Conjugal visits a thing of the past as it should be
For the few married, well-behaved inmates in the Mississippi Department of Corrections system, things will get a little less happy when Feb. 1 rolls around.
MDOC Commissioner Christopher B. Epps announced this week the group would stop practice of conjugal visits — allowed to those with good behavior — on Feb. 1.
Conjugal visits in Mississippi date back for decades. The practice was, undoubtedly, aimed and simply controlling unruly inmates back in the day. It was certainly a part of a very harsh carrot-and-stick means of keeping things under control.
The logic of the conjugal visits was simple — allowing intimate time with one’s spouse was the ultimate carrot to woo inmates into good behavior. Conjugal visits would have begun at a time when what would now be dubbed abuse was the order of the day in the state prison.
Interestingly the MDOC reports that during the last fiscal year only 155 of the more than 22,000 inmates were eligible for conjugal visits under the program. That’s less than 1 percent of the inmate population.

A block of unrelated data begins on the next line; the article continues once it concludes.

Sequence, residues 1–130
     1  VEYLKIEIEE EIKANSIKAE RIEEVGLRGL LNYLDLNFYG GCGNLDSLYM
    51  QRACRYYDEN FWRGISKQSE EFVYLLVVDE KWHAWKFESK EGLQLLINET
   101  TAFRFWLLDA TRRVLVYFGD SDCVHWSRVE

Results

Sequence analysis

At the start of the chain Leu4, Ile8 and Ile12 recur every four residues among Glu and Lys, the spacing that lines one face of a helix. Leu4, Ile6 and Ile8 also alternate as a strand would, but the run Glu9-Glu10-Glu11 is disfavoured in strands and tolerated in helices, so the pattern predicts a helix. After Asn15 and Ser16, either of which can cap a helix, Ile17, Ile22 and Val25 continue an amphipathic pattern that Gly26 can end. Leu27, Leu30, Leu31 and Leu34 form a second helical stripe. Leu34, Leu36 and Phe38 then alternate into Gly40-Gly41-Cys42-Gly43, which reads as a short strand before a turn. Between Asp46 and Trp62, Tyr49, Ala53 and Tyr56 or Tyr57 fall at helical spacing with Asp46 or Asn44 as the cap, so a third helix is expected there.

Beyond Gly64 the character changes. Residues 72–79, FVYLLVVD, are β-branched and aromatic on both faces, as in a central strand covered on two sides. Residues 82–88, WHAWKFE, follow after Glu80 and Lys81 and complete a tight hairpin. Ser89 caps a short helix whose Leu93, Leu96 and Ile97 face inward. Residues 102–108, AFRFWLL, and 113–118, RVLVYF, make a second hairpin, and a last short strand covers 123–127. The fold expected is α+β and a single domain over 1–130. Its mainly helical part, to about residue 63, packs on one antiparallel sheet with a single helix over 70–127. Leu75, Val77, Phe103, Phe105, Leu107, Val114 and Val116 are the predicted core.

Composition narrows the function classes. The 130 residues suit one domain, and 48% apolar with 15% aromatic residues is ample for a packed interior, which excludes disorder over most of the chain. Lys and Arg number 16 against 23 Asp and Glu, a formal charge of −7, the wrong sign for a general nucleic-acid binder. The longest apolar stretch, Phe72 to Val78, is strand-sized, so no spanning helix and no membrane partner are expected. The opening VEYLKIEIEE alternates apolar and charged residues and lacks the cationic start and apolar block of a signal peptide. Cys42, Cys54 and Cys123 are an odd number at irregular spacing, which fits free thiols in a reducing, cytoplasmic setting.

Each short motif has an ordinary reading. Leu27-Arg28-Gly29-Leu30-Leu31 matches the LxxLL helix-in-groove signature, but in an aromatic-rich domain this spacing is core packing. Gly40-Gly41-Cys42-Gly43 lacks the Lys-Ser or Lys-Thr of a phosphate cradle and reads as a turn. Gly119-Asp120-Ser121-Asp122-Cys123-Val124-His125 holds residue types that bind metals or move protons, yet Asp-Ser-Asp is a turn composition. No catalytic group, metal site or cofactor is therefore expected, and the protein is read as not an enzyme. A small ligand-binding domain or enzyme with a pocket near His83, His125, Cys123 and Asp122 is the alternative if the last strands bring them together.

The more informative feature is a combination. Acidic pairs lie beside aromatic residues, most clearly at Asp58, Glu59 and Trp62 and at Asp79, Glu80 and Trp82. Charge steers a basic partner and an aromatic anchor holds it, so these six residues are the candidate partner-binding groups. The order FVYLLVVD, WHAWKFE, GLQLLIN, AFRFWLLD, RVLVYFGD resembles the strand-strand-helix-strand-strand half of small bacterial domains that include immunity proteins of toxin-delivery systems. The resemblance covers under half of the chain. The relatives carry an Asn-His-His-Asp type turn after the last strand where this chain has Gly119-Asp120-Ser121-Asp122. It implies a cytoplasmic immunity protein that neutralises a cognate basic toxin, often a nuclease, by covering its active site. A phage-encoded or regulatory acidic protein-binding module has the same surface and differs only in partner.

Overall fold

Epps said he wanted to stop the visits for two reasons. First the visits cost MDOC — read: the taxpayers — additional expense as prison guards must escort inmates to and from the location where visits are allowed.
Epps also said even though the state provided contraception no one knows how many children are born from such visits, thus leading to more one-parent situations, which in many cases exacerbates additional social problems the costs of which are often borne by taxpayers.
We applaud Epps for standing up for the taxpayers and for common sense applied to what was clearly a well-intentioned program whose best days are far in its past.